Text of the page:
LGBTQ workers continue the fight for workplace civil rights

On Behalf of | Apr 5, 2018 | Firm News, Workplace discrimination |

While civil rights for lesbian, gay, bisexual and transgender people have come a long way in the last decade, there is still no nationwide law protecting LGBTQ workers from harassment or discrimination in the workplace.

According to Lambda Legal, while 28 states have laws prohibiting discrimination, workers can still be harassed or fired in states without discrimination laws. Federal government employees are protected from discrimination, however, these protections do not extend to the private sector.

Harassment and discrimination against LGBTQ workers can include:

  • Infliction of emotional distress
  • Sexual harassment
  • Assault and battery
  • Invasion of privacy
  • Defamation of character
  • Wrongful termination

Fortunately, American’s attitudes towards LGBTQ people have changed dramatically since the mid-2000s and seem to be having a positive effect on how Fortune 500 companies handle discrimination in the workplace.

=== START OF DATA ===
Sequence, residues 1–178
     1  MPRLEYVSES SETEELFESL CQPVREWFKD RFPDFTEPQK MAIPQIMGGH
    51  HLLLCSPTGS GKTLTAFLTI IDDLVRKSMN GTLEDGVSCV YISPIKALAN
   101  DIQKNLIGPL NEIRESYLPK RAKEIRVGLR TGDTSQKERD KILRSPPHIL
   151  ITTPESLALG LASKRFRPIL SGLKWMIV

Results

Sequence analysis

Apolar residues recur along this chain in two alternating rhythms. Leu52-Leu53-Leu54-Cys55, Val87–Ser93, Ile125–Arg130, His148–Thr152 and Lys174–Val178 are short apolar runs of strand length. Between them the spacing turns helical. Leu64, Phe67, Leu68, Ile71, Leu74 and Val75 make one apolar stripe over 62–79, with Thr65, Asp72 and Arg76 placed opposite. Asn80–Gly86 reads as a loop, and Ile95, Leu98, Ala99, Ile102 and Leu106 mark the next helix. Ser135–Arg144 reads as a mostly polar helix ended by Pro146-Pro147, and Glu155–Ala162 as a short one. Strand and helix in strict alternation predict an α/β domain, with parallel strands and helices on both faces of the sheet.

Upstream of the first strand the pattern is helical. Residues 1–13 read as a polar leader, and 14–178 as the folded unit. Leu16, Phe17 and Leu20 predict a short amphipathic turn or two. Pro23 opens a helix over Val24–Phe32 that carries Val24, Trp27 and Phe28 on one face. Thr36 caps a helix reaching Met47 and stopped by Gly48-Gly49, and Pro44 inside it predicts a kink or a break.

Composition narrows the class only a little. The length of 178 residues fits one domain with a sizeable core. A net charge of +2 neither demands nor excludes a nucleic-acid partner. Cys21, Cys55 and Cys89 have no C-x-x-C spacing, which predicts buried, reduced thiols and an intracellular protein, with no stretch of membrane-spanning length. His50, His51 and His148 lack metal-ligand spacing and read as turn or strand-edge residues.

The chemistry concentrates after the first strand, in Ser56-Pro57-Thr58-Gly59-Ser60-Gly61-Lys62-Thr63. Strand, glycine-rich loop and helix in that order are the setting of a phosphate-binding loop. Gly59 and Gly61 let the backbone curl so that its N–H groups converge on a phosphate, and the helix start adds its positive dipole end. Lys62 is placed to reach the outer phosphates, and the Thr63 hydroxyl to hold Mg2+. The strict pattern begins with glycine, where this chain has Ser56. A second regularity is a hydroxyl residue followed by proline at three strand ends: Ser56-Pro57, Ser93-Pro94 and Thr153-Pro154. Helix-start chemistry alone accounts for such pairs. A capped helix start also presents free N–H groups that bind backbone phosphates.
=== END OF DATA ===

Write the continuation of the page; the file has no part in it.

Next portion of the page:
In 2016, the Pew Research Center reported that 63% of Americans believed that homosexuality should be accepted in society, compared to 51% in 2006. In addition, 89% of Fortune 500 companies have implemented new and updated policies barring discrimination based on gender or sexual orientation.

Being the target of discrimination or abuse in the workplace can make you feel isolated and powerless, in addition to potentially hurting your chances of securing employment in the future, if you’re the target of defamation.

Even if you live in a state with few provisions and laws in place for LGBTQ workers, check with your company’s human resources department. You might find that there are company policies in place to protect against sexual or gender discrimination.

Do you need help with protecting and asserting your workplace rights as an LGBTQ employee? Consult with an experienced lawyer in your state, who can explain your rights and determine if you have an actionable employment discrimination claim.